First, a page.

The US President told Axios on HBO that he would remove the right to automatic citizenship for babies of non-citizens or undocumented immigrants born in the US.
The right comes from the 14th amendment, but Trump claimed he could remove it without amending the constitution by simply signing an executive order.
“It was always told to me that you needed a constitutional amendment. Guess what? You don’t,” Trump said of birthright citizenship.
— TIME (@TIME) October 30, 2018
Trump has put immigration reform back on the agenda
Such a change would radically shift a long-standing pillar of the US immigration system. Trump’s comments come just a day after the Pentagon ordered more than 5,000 troops to the US-Mexico border and the President ramped up his hardline immigration rhetoric.
The 14th amendment provides that anyone born or naturalised in the US and subject to its jurisdiction is a citizen of the US and the state where they live.
The amendment goes on to prohibit any state making a law which abridges the privileges of such citizens or denies equal protection of the law to them.
Trump’s colleague Paul Ryan, the Republican House Speaker, said such a move would be unconstitutional.
— CNN Politics (@CNNPolitics) October 30, 2018
“We, House Republicans and this President, are in total agreement on the need to stop illegal immigration to secure our border and fix our laws,” Ryan said. “But I’m a believer in the Constitution. I believe in interpreting the Constitution as it’s written, and that means you can’t do something like this via executive order.”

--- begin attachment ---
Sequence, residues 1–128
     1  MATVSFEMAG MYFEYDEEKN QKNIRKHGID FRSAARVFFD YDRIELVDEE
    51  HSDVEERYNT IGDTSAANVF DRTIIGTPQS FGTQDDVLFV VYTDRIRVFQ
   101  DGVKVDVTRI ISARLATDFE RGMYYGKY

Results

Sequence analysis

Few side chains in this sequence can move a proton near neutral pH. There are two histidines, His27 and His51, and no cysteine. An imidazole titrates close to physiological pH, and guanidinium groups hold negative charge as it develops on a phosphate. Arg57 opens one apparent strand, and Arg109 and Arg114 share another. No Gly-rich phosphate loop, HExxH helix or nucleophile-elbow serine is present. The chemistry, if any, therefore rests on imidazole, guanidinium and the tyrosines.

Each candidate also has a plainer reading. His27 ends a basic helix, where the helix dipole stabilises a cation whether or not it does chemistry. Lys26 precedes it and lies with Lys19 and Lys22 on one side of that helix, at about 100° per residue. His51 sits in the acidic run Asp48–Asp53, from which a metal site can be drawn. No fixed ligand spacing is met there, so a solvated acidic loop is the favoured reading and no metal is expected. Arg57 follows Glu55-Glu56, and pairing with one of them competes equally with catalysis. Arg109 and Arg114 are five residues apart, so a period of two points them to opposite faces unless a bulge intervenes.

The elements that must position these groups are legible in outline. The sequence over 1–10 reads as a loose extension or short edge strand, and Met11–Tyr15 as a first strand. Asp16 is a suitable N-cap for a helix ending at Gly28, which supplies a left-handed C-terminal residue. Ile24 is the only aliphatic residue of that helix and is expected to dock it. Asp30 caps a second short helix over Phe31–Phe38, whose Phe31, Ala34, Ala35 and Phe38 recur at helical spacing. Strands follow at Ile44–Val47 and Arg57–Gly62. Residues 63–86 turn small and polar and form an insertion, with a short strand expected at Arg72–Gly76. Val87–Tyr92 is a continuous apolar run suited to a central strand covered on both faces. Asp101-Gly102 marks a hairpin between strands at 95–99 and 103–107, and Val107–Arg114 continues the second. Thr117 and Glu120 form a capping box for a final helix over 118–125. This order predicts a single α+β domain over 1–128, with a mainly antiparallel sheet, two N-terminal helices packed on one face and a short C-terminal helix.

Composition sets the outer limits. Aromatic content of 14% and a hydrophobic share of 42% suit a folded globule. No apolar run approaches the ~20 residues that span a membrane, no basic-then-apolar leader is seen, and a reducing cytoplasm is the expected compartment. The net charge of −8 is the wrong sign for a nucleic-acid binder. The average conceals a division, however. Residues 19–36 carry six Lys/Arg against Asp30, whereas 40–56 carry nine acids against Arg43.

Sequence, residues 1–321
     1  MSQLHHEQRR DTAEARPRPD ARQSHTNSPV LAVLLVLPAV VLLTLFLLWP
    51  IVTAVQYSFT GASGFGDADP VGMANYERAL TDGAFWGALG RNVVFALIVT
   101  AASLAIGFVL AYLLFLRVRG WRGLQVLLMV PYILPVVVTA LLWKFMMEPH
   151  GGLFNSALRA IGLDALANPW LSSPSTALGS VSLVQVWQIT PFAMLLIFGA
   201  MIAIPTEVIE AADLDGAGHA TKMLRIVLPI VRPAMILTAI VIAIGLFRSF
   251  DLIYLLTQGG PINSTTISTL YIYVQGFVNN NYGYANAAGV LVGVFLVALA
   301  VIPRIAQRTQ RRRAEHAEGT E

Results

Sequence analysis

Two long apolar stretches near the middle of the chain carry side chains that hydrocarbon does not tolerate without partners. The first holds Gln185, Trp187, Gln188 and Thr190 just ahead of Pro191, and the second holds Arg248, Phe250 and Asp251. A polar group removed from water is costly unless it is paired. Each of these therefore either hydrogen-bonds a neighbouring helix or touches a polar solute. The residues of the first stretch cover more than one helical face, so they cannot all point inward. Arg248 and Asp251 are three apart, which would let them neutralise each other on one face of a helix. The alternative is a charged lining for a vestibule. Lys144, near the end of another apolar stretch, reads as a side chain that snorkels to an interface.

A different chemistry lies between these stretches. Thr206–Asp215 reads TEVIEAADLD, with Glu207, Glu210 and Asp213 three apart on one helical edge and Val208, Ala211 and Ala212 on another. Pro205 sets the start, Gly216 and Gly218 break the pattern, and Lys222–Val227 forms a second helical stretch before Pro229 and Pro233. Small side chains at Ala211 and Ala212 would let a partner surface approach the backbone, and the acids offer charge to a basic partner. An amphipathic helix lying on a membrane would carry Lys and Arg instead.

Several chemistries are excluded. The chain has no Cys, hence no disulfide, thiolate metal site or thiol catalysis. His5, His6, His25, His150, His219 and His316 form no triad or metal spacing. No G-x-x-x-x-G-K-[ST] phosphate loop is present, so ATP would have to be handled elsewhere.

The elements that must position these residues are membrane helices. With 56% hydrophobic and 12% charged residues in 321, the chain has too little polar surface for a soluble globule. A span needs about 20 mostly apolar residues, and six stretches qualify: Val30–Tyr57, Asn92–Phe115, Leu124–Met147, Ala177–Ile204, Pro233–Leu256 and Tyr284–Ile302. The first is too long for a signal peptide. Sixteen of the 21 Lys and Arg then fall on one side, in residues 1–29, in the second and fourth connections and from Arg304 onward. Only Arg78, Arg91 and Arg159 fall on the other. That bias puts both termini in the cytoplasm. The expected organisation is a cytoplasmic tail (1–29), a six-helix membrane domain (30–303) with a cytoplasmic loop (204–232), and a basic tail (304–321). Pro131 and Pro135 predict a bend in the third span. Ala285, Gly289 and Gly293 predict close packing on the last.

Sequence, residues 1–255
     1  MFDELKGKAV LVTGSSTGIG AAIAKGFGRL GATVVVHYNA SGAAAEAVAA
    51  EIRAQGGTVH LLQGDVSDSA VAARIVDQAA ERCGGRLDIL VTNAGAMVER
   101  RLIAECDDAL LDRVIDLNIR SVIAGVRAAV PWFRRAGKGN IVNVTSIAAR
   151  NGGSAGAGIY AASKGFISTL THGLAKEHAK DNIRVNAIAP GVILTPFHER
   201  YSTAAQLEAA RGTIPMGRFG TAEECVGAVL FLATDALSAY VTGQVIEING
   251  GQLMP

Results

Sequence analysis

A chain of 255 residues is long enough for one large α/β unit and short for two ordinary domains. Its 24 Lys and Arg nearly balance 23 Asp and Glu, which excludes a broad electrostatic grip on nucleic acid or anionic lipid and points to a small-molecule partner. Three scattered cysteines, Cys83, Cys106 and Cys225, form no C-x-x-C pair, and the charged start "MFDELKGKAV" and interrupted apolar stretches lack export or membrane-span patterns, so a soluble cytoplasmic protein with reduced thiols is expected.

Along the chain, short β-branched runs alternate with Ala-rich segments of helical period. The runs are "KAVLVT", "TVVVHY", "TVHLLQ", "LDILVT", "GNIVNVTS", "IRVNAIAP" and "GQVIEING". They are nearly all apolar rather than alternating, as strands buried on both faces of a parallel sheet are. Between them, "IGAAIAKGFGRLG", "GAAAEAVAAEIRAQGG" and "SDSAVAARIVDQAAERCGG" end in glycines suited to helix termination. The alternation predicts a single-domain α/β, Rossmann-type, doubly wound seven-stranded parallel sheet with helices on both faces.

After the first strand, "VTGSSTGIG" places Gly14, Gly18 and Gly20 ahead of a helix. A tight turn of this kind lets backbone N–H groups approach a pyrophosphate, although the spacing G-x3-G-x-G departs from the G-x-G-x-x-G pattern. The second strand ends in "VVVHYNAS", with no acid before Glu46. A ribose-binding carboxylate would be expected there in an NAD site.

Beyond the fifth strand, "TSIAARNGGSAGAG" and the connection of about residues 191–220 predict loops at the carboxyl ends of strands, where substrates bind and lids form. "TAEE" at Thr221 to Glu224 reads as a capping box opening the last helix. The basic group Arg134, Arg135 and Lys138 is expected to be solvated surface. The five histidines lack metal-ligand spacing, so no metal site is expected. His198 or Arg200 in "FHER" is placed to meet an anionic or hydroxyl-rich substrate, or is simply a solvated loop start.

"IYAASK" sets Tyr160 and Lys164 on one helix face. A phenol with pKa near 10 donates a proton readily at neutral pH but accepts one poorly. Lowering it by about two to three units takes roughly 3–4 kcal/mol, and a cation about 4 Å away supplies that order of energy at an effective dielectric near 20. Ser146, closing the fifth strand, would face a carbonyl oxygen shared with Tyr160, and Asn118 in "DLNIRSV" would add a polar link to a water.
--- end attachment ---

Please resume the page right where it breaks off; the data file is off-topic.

The US Supreme Court has never explicitly ruled on the question of whether the 14th amendment applies to children of unauthorised immigrants.
The seminal 1898 case United States v Wong Kim Ark, is the authority on the amendment. There, the US Supreme Court ruled that the amendment covered “all children here born of resident aliens”, meaning that the court has only ever directly affirmed the rights of children whose parents were legal residents.
Legal scholars have however rejected outright Trump’s claim that he can end birthright citizenship with an executive order.
Peter Schuck of Yale Law School has previously opined that the amendment does not provide legal protection for children of those who have illegally migrated to the US though he rejected the notion that Trump could remove the amendment by an executive order.
“I feel confident that no competent lawyer would advise him otherwise,” he said. “This is just pre-election politics and misrepresentation and should be sharply criticised as such.”
When Trump justified his desire for an executive order to end #BirthrightCitizenship, he said that the US is the only country that does this.
That is not true. More than 30 do. https://t.co/nE3iTRBfGc
— Vox (@voxdotcom) October 30, 2018
Reactions to Trump’s assertion he will end birthright citizenship
Lindsey Graham, a South Carolina Senator who has become one of Trump’s most vocal supporters, endorsed the proposal on Twitter. “Finally, a president willing to take on this absurd policy of birthright citizenship,” he wrote. In a later tweet, Graham promised to introduce legislation to the same end.